BACKGROUND: Chemotherapy is currently the standard of care for patients with microsatellite instability-high (MSI-H) or mismatch repair-deficient (dMMR) colorectal cancer (CRC); however, some patients have disease that is refractory to chemotherapy. Programmed-cell death (PD)-1 inhibitors have emerged as a highly effective therapy in this setting.
METHODS: KEYNOTE-177 was a multicenter, international, open-label, phase 3 study that enrolled 307 treatment-naïve patients with metastatic MSI-H or dMMR CRC. Patients were randomized in a 1:1 ratio to pembrolizumab 200 mg every 3 weeks or to chemotherapy with 5-fluorouracil–based therapy (with or without bevacizumab or cetuximab) every 2 weeks. Crossover from chemotherapy to pembrolizumab was allowed after disease progression. The median duration of patients’ exposure to treatment was 11.1 months in the pembrolizumab group and 5.7 months in the chemotherapy group. Pembrolizumab therapy was continued for a maximum of 35 treatments or until disease progression, unacceptable side effects, illness, or withdrawal. The primary end points were progression-free survival (PFS) and overall survival.
RESULTS: After a median follow-up of 32.4 months, PFS was doubled in the pembrolizumab group compared with the chemotherapy group, for a median of 16.5 months versus 8.2 months, respectively (hazard ratio, 0.60; P = .0002). More patients were alive and progression-free at 12 months and at 24 months in the pembrolizumab group (55.3% and 48.3%, respectively) compared with the chemotherapy group (37.3% and 18.6%, respectively). “After an initial crossing of the progression-free survival Kaplan–Meier curves, a pronounced separation of the curves for pembrolizumab and chemotherapy was observed, which indicated a meaningful long-term benefit with pembrolizumab,” the researchers noted. As of the data cutoff date, 56 patients in the pembrolizumab group and 69 patients in the chemotherapy group had died. Data on overall survival were still evolving and remain blinded until the final analysis. The overall (partial or complete) response was 43.8% in the pembrolizumab group versus 33.1% in the chemotherapy group. The overall ongoing response rate at 24 months was also greater in the pembrolizumab group (83%) compared with the chemotherapy group (35%). The incidence of grade 3 or 4 adverse events was lower with pembrolizumab (56%) versus chemotherapy (78%). In addition, patients in the PD-1 inhibitor group had fewer treatment-related adverse events (22%) than in the chemotherapy group (66%), and 1 death was reported in the chemotherapy group. “These data represent another step forward for biomarker-driven studies targeting MSI-H–dMMR colorectal cancers….Pembrolizumab should be considered an option for initial therapy for patients with MSI-H–dMMR metastatic colorectal cancer,” the authors noted.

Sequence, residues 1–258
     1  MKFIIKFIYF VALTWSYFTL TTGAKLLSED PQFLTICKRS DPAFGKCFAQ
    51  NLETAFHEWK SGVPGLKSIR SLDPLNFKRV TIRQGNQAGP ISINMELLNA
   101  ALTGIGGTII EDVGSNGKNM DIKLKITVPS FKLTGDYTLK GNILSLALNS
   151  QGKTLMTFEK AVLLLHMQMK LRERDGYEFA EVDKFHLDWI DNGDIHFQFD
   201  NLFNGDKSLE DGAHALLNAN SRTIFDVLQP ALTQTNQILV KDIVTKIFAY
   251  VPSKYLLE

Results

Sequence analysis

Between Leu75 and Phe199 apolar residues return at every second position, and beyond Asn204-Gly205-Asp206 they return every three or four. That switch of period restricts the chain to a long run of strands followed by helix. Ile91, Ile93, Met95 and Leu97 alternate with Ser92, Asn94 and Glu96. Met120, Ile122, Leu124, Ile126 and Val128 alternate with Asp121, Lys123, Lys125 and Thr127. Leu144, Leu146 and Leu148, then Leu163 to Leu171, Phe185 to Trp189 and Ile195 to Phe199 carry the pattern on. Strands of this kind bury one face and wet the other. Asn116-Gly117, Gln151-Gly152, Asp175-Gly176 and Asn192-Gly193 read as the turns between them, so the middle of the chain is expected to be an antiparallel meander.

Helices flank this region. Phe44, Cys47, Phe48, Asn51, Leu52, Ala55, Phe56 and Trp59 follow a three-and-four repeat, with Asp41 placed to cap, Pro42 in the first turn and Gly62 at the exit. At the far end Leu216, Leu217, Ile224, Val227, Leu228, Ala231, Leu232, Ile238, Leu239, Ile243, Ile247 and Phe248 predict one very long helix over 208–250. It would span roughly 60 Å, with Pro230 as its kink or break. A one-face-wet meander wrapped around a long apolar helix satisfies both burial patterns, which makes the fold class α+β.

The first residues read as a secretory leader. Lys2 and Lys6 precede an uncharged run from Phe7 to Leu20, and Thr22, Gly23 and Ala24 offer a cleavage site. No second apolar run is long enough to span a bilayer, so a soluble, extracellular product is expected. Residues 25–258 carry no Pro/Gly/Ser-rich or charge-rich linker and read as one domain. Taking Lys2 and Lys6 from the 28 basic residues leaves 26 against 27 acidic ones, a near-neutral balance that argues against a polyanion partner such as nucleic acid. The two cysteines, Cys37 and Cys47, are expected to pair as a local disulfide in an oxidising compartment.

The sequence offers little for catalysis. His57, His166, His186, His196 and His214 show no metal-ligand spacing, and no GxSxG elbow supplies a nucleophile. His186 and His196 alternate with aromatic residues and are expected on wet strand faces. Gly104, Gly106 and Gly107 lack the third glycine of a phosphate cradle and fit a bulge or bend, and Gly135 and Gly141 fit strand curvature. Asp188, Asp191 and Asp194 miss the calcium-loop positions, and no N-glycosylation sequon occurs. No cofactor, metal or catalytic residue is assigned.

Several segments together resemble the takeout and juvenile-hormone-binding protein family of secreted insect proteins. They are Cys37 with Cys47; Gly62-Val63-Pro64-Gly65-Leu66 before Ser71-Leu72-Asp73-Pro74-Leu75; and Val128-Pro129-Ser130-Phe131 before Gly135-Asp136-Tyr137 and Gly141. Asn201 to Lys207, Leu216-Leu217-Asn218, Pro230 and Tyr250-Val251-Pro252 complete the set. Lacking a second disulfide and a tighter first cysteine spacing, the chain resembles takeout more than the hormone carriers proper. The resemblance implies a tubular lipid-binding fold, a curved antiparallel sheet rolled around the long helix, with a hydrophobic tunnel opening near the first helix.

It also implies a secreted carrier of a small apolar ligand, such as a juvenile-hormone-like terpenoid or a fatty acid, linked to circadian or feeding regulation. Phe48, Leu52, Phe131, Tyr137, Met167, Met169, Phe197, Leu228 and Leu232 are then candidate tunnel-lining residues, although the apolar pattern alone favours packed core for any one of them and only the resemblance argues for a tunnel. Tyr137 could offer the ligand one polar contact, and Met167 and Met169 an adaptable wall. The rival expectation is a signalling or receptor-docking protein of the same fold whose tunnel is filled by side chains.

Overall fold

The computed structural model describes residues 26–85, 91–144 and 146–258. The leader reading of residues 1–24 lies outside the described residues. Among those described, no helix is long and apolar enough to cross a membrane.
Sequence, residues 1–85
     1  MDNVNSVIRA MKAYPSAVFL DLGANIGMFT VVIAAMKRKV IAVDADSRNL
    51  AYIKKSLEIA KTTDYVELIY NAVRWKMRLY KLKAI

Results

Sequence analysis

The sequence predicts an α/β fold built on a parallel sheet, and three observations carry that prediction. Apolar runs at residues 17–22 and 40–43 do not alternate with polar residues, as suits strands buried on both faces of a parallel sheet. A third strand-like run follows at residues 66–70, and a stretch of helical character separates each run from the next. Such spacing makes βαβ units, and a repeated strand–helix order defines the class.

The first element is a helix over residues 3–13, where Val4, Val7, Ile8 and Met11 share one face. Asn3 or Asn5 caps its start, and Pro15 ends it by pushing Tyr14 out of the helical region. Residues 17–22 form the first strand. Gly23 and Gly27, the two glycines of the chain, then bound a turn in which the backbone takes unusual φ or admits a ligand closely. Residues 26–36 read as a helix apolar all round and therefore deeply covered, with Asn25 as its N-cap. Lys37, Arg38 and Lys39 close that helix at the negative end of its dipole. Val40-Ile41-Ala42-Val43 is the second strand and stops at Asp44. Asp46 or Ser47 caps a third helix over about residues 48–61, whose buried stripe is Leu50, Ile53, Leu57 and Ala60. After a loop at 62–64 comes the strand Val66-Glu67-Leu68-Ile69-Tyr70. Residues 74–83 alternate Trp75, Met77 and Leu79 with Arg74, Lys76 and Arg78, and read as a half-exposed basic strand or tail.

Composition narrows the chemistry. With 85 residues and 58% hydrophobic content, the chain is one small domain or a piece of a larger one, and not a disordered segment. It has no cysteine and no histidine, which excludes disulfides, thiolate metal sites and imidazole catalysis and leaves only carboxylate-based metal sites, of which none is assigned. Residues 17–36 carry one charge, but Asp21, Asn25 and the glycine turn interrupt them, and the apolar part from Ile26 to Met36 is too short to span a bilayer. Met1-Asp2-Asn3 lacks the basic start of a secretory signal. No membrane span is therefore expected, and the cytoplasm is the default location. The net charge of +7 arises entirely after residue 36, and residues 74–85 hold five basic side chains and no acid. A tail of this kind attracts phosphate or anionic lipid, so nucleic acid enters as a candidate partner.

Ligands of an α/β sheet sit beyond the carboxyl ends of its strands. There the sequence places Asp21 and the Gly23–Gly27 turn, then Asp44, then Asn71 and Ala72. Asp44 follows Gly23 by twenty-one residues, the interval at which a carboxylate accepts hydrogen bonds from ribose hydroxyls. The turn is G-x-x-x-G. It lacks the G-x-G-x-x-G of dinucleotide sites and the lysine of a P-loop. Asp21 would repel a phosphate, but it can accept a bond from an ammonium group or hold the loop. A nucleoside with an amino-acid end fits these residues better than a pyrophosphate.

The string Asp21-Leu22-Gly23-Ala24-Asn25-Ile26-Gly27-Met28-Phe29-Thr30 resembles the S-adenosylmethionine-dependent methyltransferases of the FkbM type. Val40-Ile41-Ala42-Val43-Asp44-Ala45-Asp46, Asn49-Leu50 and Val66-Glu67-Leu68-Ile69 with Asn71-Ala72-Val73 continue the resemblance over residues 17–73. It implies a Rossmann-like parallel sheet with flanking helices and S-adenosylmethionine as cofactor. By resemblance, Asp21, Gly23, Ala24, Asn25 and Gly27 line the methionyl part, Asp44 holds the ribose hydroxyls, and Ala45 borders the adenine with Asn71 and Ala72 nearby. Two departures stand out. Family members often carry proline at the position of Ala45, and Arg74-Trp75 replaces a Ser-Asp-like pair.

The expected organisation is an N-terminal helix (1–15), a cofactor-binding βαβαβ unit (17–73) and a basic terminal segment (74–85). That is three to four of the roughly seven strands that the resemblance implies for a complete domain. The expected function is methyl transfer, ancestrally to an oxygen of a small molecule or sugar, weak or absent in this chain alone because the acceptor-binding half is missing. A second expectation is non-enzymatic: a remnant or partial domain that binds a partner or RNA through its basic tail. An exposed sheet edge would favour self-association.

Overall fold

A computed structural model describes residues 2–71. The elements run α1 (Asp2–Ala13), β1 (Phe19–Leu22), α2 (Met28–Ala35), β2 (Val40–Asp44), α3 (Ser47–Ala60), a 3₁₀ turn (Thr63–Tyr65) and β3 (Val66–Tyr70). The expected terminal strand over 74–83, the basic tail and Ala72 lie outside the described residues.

Source: André T, Shiu KK, Kim TW, et al; for the KEYNOTE-177 investigators. Pembrolizumab in microsatellite-instability–high advanced colorectal cancer. N Engl J Med. 2020;383:2207-2218.